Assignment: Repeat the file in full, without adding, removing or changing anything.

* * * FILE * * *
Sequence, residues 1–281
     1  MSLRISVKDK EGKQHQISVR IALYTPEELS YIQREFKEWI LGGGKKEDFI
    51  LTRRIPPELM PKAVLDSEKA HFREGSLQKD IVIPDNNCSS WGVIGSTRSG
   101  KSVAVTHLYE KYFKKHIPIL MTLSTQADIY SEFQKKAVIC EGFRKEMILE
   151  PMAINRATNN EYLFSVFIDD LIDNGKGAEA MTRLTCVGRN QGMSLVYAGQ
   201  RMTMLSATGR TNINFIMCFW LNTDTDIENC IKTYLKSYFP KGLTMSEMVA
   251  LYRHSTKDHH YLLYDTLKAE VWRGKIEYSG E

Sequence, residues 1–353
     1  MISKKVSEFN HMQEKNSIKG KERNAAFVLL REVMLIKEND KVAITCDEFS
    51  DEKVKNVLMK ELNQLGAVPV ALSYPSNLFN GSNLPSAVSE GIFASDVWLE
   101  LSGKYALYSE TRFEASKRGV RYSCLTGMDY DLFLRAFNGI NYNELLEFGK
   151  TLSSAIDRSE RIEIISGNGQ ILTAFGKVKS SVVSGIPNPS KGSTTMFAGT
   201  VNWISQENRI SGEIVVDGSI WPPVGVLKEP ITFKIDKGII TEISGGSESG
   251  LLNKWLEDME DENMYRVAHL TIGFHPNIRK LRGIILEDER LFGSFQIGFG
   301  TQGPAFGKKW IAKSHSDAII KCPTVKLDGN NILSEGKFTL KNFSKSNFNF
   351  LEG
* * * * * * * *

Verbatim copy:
Sequence, residues 1–281
     1  MSLRISVKDK EGKQHQISVR IALYTPEELS YIQREFKEWI LGGGKKEDFI
    51  LTRRIPPELM PKAVLDSEKA HFREGSLQKD IVIPDNNCSS WGVIGSTRSG
   101  KSVAVTHLYE KYFKKHIPIL MTLSTQADIY SEFQKKAVIC EGFRKEMILE
   151  PMAINRATNN EYLFSVFIDD LIDNGKGAEA MTRLTCVGRN QGMSLVYAGQ
   201  RMTMLSATGR TNINFIMCFW LNTDTDIENC IKTYLKSYFP KGLTMSEMVA
   251  LYRHSTKDHH YLLYDTLKAE VWRGKIEYSG E

Sequence, residues 1–353
     1  MISKKVSEFN HMQEKNSIKG KERNAAFVLL REVMLIKEND KVAITCDEFS
    51  DEKVKNVLMK ELNQLGAVPV ALSYPSNLFN GSNLPSAVSE GIFASDVWLE
   101  LSGKYALYSE TRFEASKRGV RYSCLTGMDY DLFLRAFNGI NYNELLEFGK
   151  TLSSAIDRSE RIEIISGNGQ ILTAFGKVKS SVVSGIPNPS KGSTTMFAGT
   201  VNWISQENRI SGEIVVDGSI WPPVGVLKEP ITFKIDKGII TEISGGSESG
   251  LLNKWLEDME DENMYRVAHL TIGFHPNIRK LRGIILEDER LFGSFQIGFG
   301  TQGPAFGKKW IAKSHSDAII KCPTVKLDGN NILSEGKFTL KNFSKSNFNF
   351  LEG